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seen Apr 18 at 2:35

Kids in rectangles irritating sick urchins rattling foxes, directory.kirisurf.org lol


Jan
2
awarded  Investor
Jan
1
comment Negative adjectives directly modifying a noun
I am not a native speaker, I should add. I'm just commenting that it is grammatical; the only reason why it is unnatural is the existence of 小さい.
Jan
1
answered Negative adjectives directly modifying a noun
Jan
1
comment Why is する considered irregular?
But you can't form the negative of ある (you must use ない) yet it is considered regular 五段活用...
Jan
1
asked Why is する considered irregular?
Jan
1
comment Use of は in place of の
@Kokoroatari Ah yes. Too many classes are taught by teachers with no sense of linguistics. On the rōmaji-users thing, most people I know have never learned Rōmaji except as a two-week stopgap as they learn hiragana; two-week students of Japanese are unlikely to be able to answer such questions. Apparently in the past people learned Rōmaji-only for a year or more, though (That sounds so terrible! Most of my practice comes from reading ja.wikipedia.org with dictionary help which is not in Rōmaji!).
Jan
1
comment Use of は in place of の
No, I'm Chinese. I learned Latin mostly for fun :P I don't know much Latin though, I actually looked up my dictionary to write that sentence :P
Jan
1
comment Is there a Japanese phrase that gets translated into English as “Steel and rice” coalition?
It's literally "Agricultural-Industrial Alliance" though; the phrase"steel and rice" probably is unrelated to 農工同盟.
Jan
1
comment Why do we say 頼もしい instead of 頼ましい?
@rintaun It's been a month...
Dec
31
comment Use of は in place of の
I seriously detest your blatant discrimination against us native speakers. Hahaha. Actually, I find native-speaker descriptions of Japanese to make deeper sense than non-native-speaker descriptions (my pet peeve being the different way the 活用形 system is explained). Perhaps this is because Japanese is a more logical language, with clear reasons behind everything...traditional native analyses of Mandarin are so bad, even a native speaker me could pick out obvious large classes of exceptions to rules etc.
Dec
30
comment Use of は in place of の
No, the thing with が isn't a "structure". The person who told you it's not topical is probably wrong. The topical has nothing to do with が; が is only a common sentence pattern, but the topical is a very logical set of rules, not some random pattern you memorize. So: 我が社の商品は値段を上げません。 = Regarding our company's products, we won't raise their prices.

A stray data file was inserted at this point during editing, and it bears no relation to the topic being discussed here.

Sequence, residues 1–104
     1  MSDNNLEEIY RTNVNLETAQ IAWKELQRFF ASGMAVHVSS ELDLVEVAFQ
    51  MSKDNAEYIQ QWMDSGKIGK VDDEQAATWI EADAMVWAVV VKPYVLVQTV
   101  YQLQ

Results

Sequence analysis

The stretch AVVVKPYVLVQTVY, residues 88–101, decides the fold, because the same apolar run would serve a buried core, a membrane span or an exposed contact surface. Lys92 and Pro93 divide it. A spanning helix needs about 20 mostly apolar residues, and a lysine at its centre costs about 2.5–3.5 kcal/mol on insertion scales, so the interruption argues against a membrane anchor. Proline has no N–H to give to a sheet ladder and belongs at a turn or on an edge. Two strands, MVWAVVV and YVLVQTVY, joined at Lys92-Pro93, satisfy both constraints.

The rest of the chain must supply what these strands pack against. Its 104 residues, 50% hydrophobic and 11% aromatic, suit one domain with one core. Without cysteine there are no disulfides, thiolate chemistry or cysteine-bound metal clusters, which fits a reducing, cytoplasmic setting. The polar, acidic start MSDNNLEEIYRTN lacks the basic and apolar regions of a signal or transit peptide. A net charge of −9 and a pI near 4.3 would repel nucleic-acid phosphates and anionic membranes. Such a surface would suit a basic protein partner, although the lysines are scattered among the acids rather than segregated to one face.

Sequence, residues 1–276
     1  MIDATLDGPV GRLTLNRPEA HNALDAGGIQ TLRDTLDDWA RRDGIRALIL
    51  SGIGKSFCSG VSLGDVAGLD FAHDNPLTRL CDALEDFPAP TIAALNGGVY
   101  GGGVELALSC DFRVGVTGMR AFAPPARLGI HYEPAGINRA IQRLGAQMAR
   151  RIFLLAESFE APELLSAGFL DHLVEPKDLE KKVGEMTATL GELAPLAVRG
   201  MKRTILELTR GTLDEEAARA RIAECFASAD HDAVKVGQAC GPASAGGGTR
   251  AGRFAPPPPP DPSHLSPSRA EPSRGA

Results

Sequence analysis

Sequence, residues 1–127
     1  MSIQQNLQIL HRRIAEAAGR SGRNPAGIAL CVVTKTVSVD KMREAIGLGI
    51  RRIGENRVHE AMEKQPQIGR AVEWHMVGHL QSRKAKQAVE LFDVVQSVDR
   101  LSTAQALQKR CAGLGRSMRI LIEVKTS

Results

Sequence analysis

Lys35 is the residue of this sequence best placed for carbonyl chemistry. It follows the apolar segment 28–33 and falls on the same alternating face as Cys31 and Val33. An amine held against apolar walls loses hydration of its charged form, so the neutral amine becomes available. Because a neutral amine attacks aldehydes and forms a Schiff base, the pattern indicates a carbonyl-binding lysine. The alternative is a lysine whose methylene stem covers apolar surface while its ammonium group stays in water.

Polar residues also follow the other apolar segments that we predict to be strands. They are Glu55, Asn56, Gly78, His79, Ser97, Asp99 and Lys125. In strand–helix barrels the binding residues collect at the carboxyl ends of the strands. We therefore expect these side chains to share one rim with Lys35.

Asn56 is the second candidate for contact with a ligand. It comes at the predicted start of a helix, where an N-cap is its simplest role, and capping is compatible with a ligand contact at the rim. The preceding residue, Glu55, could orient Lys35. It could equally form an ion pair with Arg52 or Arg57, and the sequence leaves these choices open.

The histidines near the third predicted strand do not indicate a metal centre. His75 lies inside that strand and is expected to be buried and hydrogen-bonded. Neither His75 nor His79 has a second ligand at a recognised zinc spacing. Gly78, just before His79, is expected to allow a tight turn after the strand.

Dec
30
revised Use of は in place of の
added 375 characters in body
Dec
30
answered Use of は in place of の
Dec
30
comment why did Asahi Shinbun write “子{こ}ども”、instead of “子供{こども}” in this headline?
文語と現代語を交じたる文{ふみ}はインターネットで見ゆるなあww
Dec
30
comment why did Asahi Shinbun write “子{こ}ども”、instead of “子供{こども}” in this headline?
Interesting slang anyways...revival of old forms. Well, I guess Japanese does things like that, such as changing the already 音便-ified "〜う" back to "〜く" in adjectives (寒く -> 寒う -> 寒く etc).
Dec
29
comment why did Asahi Shinbun write “子{こ}ども”、instead of “子供{こども}” in this headline?
Etymologically, it was 子ども, the noun 子{こ} meaning child and the collectivizing suffix 〜ども. Now that we have such interesting usages such as 子供たち, it might not be relevant... I do see people spelling 友達 as 友だち though, etymologically relating it to the 〜たち suffix. Or is it because 達 is not very common?
Dec
29
comment why did Asahi Shinbun write “子{こ}ども”、instead of “子供{こども}” in this headline?
知らざった! Interesting word choice...conjugating Classical 知らず -> 連用形 知らざり -> modern past 知らざった? Is such usage common? I've never seen it...
Dec
29
comment When conjugating, is 'なる’ a potential verb, like '分かる'?
雨 and 飴 are etymologically unrelated. Instead, 分かれる came as you expected from the potential of 分かる but gained another meaning. By 青くする and 青くさせる, I would venture "turn blue", intransitive, as the logical meaning of the first and "make something blue", transitive, as the logical meaning of the second. But I'm far from a native speaker, and I actually don't know the actual usage, just guessing from grammar here.
Dec
29
comment When conjugating, is 'なる’ a potential verb, like '分かる'?
分かれる is also a word albeit also with a weird semantic shift. This is probably the most direct answer.
Dec
29
comment When conjugating, is 'なる’ a potential verb, like '分かる'?
I don't think so. 別 and 分 have similar kanji meanings, and 国語辞書 says [動ラ下一][文]わか・る[ラ下二]《「分かれる」と同語源》...